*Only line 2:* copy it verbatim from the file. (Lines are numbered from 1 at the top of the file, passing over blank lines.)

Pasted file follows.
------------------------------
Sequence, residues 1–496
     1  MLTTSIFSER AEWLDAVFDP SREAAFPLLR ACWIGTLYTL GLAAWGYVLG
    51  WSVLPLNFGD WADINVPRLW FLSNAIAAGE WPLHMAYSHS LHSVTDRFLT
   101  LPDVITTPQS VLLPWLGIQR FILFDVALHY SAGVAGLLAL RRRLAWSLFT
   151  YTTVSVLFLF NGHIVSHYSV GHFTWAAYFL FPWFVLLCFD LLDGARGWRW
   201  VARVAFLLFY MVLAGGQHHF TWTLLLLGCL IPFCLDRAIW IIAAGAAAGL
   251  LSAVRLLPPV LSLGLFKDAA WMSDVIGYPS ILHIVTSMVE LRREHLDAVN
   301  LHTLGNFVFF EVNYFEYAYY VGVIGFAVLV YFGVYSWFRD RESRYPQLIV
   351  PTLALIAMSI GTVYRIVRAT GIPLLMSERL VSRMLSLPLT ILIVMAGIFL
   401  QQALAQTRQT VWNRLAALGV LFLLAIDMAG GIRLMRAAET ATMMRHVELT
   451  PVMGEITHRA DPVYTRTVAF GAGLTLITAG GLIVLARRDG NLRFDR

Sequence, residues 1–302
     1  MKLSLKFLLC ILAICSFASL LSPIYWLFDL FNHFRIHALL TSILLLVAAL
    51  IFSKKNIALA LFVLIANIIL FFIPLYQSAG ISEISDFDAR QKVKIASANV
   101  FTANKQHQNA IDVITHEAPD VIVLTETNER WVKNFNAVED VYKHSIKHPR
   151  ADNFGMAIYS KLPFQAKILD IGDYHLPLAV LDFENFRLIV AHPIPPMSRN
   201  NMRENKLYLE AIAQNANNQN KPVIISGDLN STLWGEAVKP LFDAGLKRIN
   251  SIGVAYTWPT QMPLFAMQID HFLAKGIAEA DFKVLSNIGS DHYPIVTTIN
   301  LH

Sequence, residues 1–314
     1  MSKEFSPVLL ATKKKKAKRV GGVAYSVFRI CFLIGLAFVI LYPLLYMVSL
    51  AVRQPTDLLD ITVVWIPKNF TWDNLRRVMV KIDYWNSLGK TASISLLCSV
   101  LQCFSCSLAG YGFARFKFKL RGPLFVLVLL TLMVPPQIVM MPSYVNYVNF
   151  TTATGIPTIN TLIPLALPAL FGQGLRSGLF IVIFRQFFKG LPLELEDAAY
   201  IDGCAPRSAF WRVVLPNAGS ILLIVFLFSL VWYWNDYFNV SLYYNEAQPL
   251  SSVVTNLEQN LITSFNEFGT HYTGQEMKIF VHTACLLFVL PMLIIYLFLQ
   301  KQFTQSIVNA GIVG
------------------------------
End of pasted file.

     1  MLTTSIFSER AEWLDAVFDP SREAAFPLLR ACWIGTLYTL GLAAWGYVLG